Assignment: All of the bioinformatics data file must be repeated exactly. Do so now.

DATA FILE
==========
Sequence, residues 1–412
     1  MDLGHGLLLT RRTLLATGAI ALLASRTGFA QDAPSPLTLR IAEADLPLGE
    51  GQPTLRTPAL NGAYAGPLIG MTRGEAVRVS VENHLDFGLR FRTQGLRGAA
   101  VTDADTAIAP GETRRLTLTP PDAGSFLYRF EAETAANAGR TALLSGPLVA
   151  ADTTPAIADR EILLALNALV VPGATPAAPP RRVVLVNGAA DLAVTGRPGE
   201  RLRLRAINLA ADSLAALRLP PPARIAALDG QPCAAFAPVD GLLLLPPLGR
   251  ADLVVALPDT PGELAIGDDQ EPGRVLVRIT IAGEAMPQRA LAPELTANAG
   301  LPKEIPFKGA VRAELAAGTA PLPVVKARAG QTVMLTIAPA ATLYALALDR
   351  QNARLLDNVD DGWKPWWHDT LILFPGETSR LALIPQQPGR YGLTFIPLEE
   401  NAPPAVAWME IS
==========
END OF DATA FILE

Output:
Sequence, residues 1–412
     1  MDLGHGLLLT RRTLLATGAI ALLASRTGFA QDAPSPLTLR IAEADLPLGE
    51  GQPTLRTPAL NGAYAGPLIG MTRGEAVRVS VENHLDFGLR FRTQGLRGAA
   101  VTDADTAIAP GETRRLTLTP PDAGSFLYRF EAETAANAGR TALLSGPLVA
   151  ADTTPAIADR EILLALNALV VPGATPAAPP RRVVLVNGAA DLAVTGRPGE
   201  RLRLRAINLA ADSLAALRLP PPARIAALDG QPCAAFAPVD GLLLLPPLGR
   251  ADLVVALPDT PGELAIGDDQ EPGRVLVRIT IAGEAMPQRA LAPELTANAG
   301  LPKEIPFKGA VRAELAAGTA PLPVVKARAG QTVMLTIAPA ATLYALALDR
   351  QNARLLDNVD DGWKPWWHDT LILFPGETSR LALIPQQPGR YGLTFIPLEE
   401  NAPPAVAWME IS